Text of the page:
Tags

, , ,

The word atheist means “non-God;” when applied to a person, one does not believe in God. Atheism is a faith, an ideology that has swept through societies and corrupted the thinking of man with regard to his moral foundation. In a recent “twitter” discussion an atheist did not much like that which I wrote concerning atheism and its connection to hedonism. He failed to see and accept that each ideology has a consequence. In this case, a consequence to one’s moral behavior.

I don’t blame him. Hedonism has a connotation that is quite unpleasant to a practical person’s way of thinking.

When I asked him of his moral foundation and why he accepted it he replied that his moral compunction is associated with empathy. I do not remember that he gave me a reason why except to say that what is disagreeable to him is likely disagreeable to others. A rock-solid foundation, wouldn’t you say!

Hedonism is defined as the person who lives life seeking that which is pleasurable. The dictionary defines it as the doctrine that pleasure or happiness is the sole or chief good in life (Webster’s, p. 849). The word “pleasure” and “happiness” can have selfishness associated with it, but not necessarily so. In The Encyclopedia of Philosophy, there are two types of hedonism discussed, ethical hedonism and psychological hedonism. Ethical hedonism affirms that only pleasure is intrinsically desirable and only displeasure is intrinsically undesirable.

This definition in the philosophical dictionary is mighty vague, and the discussion to follow illustrates this. The word “pleasure” confuses what hedonism is. The word can have application in any area of life – to that which is totally selfish to that which is totally giving. Wherever (or in whatever area) one falls in the spectrum of understanding and applying the word “pleasure” to the life lived, the atheistic philosophy has as only the source man’s wisdom in determining what is right and wrong.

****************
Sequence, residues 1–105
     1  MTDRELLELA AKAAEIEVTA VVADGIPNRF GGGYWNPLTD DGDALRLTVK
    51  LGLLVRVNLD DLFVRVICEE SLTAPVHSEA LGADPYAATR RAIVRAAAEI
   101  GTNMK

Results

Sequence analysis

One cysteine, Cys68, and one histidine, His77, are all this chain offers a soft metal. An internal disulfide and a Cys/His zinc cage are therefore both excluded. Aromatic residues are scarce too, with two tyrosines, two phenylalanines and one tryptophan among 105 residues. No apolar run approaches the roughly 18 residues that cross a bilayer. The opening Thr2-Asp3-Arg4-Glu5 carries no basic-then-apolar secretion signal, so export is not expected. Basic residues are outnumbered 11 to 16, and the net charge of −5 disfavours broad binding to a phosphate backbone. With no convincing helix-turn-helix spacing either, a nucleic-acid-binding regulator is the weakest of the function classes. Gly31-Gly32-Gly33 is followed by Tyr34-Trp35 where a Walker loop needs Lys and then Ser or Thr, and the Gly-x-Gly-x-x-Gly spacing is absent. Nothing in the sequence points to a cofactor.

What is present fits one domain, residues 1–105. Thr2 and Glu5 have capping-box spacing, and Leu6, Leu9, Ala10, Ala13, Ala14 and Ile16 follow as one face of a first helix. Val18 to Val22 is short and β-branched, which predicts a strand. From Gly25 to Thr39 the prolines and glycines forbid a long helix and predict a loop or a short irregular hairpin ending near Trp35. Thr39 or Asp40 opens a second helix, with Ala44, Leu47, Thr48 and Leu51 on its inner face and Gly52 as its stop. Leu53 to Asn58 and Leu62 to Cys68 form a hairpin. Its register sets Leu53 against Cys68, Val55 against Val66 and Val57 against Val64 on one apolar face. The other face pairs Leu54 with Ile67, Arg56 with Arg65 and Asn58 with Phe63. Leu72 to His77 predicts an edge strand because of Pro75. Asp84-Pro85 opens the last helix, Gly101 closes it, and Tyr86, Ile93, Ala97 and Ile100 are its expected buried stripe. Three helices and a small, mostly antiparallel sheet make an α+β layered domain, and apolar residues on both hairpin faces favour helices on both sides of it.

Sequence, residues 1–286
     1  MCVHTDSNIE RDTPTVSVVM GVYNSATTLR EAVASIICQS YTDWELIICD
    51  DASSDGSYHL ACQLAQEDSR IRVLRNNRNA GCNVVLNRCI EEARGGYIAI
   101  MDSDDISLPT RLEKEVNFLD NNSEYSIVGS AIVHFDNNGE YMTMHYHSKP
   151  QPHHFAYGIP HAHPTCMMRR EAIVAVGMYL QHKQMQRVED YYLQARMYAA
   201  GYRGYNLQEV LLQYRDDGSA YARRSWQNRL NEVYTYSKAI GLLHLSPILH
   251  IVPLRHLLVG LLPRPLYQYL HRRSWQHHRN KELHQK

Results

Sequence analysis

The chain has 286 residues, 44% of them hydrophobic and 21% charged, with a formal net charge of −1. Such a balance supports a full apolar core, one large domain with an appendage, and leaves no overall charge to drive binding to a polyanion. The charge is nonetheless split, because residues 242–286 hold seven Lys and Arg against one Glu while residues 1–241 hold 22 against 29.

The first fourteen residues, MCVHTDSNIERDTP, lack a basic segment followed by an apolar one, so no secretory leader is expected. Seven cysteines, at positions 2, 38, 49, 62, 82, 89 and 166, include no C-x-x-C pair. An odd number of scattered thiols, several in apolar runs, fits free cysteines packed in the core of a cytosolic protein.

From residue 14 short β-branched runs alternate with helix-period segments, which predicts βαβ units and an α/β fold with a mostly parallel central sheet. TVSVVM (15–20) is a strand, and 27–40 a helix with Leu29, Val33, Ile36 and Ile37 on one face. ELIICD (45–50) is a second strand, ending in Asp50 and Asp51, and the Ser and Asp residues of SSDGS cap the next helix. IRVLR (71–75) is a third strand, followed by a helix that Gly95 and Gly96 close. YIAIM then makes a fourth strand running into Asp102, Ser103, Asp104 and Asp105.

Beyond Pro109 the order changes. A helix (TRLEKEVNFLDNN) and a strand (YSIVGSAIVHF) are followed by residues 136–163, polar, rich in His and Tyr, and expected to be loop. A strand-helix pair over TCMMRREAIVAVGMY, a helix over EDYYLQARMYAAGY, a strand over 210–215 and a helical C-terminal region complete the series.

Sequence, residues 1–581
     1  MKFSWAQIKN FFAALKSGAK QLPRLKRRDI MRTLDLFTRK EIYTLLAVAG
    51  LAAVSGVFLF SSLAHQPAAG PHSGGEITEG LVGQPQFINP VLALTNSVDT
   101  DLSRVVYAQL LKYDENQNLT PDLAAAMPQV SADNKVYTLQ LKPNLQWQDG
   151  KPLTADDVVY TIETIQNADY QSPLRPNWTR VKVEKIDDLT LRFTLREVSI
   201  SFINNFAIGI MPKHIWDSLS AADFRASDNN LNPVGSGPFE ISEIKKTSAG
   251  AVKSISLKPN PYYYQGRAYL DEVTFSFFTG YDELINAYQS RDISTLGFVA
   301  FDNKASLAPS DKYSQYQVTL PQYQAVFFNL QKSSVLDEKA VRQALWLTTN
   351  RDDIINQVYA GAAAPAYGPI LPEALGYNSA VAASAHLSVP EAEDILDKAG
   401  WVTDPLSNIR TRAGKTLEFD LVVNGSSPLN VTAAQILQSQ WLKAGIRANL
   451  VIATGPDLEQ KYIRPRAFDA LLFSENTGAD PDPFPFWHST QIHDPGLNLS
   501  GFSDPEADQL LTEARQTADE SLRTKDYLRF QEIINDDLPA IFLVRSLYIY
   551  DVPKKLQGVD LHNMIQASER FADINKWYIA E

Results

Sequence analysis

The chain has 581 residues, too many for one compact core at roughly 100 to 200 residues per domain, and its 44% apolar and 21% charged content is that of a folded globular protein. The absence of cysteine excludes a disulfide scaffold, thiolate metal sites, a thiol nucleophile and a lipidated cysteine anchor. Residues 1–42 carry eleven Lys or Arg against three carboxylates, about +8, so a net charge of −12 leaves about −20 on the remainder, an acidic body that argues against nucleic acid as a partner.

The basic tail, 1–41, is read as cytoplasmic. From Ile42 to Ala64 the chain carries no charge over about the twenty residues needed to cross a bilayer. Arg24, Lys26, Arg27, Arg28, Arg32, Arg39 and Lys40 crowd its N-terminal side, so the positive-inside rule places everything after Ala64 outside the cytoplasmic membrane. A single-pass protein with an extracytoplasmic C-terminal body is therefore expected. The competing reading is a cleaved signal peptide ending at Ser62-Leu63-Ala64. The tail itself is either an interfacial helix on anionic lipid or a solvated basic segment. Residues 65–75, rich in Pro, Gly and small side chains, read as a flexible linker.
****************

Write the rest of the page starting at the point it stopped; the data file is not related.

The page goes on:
Great chaos that has produced!

Of course, with any moral foundation one has to choose to live in accordance with its tenets. For the atheist, the only tenet is that which he likes or dislikes, since his is the highest source of authority by which to measure anything. For the Christian, he also must make a choice, but his choice comes from a source greater than himself.

The Christian might have a similar pleasure to the atheist in giving to his fellowman, or he might be as selfish as the atheist is other matters. With regard to the Christian’s choice, he is measured by a higher authority of ethics. For the atheist, he is not. The Christian gives because of who the Lord is (the very essence and standard of what is good), while the atheist gives for some reason related to self. For the Christian, the rock-solid foundation of morality is in place, but for the atheist the only foundation in place is a fluid one. RT

 

Advertisements